Willet 2013.10.29 5670

Willet 2013.10.29 5631As you can see, it’s a rather plain-coloured bird – all shades of gray from bill to feet.  However, when its wings unfold, a striking pattern is revealed.

Willet stretch 2013.10.29 5646After watching and waiting patiently to get more shots of the wing pattern, it suddenly launched itself for a short flight – straight into the sun of course.

Willet fly 2013.10.29 5675

This month not one but three special birds made appearances on the White Rock waterfront.  The second one was this Franklin’s Gull I found on October 5th.  This little gull is a prairie nester, and each fall a few young birds wander into our environs.  This was the first one I have seen in White Rock.

Franklin's Gull im 2013.10.05 4399

The wing and tail pattern are indicative of a first year bird.Franklin's Gull fly 2013.10.05 4426

But the star of the beach trio was this Black-necked Stilt, discovered not by me but by a visitor who poached this beauty right in my backyard.  This handsome wader is a real rarity, showing up in our area perhaps every 5 to 10 years.

Stilt Black-necked 2013.10.09 4641This bird stayed in the same convenient place for several days, allowing many photographers to get fine shots.  It was so tame that at one point it came so close to me that I couldn’t fit its feet in the frame.

Stilt Black-necked 2013.10.09 4703

At times however it seemed to show some displeasure at all the attention.  Here I’m getting the stare down.

Stilt B-N portrait 2013.10.15 5046

This dainty little Bonaparte’s Gull was busy foraging on the eelgrass along with the Stilt and the Willet.  The colour on the wings indicates that this is a first year bird.

Gull Bonaparte im 2013.10.10 4756


Late in the month I had occasion to make a brief trip to Victoria on Vancouver Island.

A family of seven River Otters were frolicking near the shore, but wouldn’t let me get close enough for good photos.

River Otters 2013.10.26 5488

Even at this late date (Oct 27) a few big dragonflies were still zipping about, probably unaware that their days were numbered.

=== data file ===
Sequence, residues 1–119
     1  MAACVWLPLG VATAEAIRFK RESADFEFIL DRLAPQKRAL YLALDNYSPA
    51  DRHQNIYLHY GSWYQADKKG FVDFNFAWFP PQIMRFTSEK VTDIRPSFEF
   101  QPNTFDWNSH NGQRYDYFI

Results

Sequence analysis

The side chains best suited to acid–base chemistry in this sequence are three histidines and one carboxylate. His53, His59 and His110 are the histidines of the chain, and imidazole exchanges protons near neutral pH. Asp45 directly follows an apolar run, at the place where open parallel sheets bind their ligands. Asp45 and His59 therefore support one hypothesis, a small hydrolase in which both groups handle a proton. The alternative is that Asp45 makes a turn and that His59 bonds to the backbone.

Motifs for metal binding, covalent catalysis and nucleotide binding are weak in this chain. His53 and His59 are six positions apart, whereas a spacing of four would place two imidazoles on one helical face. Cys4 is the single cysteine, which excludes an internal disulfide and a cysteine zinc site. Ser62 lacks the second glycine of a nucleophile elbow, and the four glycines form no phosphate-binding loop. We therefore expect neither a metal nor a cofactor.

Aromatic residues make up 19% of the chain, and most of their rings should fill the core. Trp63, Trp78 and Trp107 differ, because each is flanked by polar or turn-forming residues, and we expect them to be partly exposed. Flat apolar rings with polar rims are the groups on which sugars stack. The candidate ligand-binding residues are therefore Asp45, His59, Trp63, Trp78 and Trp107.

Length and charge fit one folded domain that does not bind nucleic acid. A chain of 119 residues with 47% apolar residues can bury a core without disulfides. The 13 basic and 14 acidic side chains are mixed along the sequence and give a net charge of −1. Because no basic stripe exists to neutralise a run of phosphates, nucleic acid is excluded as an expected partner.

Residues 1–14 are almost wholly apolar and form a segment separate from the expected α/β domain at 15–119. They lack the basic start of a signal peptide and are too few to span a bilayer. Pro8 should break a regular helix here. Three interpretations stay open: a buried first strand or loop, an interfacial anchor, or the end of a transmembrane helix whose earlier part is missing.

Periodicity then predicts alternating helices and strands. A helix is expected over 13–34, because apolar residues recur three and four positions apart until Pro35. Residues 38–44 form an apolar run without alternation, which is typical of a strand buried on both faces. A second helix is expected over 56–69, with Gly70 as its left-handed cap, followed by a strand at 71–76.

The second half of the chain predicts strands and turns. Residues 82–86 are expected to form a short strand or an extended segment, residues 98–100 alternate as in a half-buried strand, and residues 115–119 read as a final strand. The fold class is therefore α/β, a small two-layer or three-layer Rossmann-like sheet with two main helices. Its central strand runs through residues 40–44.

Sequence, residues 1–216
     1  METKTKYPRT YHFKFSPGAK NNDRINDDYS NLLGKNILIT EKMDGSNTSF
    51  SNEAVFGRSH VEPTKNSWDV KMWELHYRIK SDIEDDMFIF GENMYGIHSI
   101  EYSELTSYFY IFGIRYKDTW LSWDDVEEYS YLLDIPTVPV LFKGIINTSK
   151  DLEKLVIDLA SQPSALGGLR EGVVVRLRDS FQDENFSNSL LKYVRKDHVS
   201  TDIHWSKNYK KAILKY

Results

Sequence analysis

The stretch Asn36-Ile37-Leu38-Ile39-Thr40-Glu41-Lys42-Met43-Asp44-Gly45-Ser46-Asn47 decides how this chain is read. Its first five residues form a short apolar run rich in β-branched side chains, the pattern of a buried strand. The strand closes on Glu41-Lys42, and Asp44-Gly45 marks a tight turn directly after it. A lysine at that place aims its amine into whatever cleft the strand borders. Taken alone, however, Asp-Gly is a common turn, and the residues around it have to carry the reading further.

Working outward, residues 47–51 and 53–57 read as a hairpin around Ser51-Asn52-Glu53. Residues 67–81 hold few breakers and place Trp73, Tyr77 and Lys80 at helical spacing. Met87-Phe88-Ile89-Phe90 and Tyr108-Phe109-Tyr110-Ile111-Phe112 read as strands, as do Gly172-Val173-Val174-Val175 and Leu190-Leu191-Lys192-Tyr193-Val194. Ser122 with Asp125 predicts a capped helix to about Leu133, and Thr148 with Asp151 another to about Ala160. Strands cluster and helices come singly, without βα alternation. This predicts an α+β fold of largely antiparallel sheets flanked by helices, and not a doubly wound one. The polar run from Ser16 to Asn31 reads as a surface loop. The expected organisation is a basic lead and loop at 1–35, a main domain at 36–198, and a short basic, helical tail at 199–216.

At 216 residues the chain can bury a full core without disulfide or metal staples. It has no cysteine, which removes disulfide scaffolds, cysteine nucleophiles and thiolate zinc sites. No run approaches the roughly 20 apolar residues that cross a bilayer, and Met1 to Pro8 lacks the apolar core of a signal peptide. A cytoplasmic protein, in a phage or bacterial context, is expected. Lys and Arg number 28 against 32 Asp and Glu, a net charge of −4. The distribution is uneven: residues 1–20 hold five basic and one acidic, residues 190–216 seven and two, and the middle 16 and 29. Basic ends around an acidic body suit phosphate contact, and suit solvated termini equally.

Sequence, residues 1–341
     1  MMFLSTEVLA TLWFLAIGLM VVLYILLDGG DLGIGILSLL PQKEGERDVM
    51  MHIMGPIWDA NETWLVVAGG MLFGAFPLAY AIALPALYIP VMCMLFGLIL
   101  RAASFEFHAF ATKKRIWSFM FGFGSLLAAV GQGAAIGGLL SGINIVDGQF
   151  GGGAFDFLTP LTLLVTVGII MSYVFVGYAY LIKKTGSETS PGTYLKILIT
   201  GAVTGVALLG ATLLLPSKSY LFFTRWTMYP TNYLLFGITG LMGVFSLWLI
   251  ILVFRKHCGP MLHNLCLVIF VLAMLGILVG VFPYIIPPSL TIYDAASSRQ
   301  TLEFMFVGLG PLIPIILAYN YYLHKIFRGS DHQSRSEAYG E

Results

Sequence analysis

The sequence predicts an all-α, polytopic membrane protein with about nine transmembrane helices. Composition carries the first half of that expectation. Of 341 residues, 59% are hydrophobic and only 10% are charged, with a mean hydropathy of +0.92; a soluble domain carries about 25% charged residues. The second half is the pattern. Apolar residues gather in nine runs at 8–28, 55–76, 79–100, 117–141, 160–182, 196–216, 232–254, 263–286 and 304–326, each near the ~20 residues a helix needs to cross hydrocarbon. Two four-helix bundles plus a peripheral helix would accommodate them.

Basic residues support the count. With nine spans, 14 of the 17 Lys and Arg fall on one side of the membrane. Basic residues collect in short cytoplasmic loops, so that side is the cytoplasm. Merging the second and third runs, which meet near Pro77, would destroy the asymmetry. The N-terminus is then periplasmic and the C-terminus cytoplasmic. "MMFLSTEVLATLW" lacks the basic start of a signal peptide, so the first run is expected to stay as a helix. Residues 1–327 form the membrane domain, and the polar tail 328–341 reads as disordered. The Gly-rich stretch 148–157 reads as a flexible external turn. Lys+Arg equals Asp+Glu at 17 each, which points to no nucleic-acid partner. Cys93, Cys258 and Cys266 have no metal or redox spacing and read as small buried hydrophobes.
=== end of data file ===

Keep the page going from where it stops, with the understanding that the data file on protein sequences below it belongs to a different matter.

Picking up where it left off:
Darner sp 2013.10.27 5552

Mosaic Darner, Aeshna sp.

Harlequin Ducks are so sleek and impeccably groomed they remind me of painted decoys.

Duck Harlequin M 2013.10.26 5464

A little group of Surfbirds at roost was a nice treat.  These wintering shorebirds prefer rocky tidelines, so are much less common on the marshy shores on our side of the Straight.  The lower bird in the first photo is a Black Turnstone.

Surfbird x4 2013.10.26 5513

Surfbird x2 2013 10.26 5537


Back on the mainland: one can never pass up a chance to photograph an owl, even when the lighting is terrible.

Barred Owl 2013.10.08 4498

Barred Owl

Barred Owl 2013.10.08 4457

Barred Owl

We didn’t use to expect to see hummingbirds in the winter, but in the last decade one species has moved in and become a common local resident.  The Anna’s Hummingbird is a remarkable story: it does not migrate, but from it’s centre of abundance in California it has been spreading northward and has reached all the way to Alaska.  In the 70’s it was fairly rare in our area, gradually became more widespread and common, and first showed up in our yard several years ago.  Now we have at least one resident coming to our feeder every day.

Hummer Anna's DGio 02:10

The males perform territorial displays at all times of the year.  The bird begins its dance by hovering about 2 or 3 metres above the ground for a few seconds.  It then slowly rises straight up until just a speck in the sky.  From there it suddenly dives straight down with lightning speed.  At the bottom of the dive it puts on the brakes with wings and tail feathers, making a very loud chirping sound.  I hear this often, but only occasionally get to see it.  Trying to photograph the bird in the air is a challenge: it’s rather small for the camera’s autofocus to pick up, and it doesn’t stay put for very long.  Here is the best I have gotten to date.

Anna's hover @ 1:8000 2013.10.12 4844.

You probably didn’t notice that I did not include the usual image of a Great Blue Heron in my last blog, nor in this one – so far.  Here are two for a catch-up.

Heron GB scratch 2013.10.28 5565

Great Blue Heron – get that itch!

Heron GB land 2013.10.25 5442

Great Blue Heron – touchdown!

More October coming next.



One thought on “October 2013: Part 1, birds and bugs

  1. Ed says:

    Is a group of “coots” called a Senate?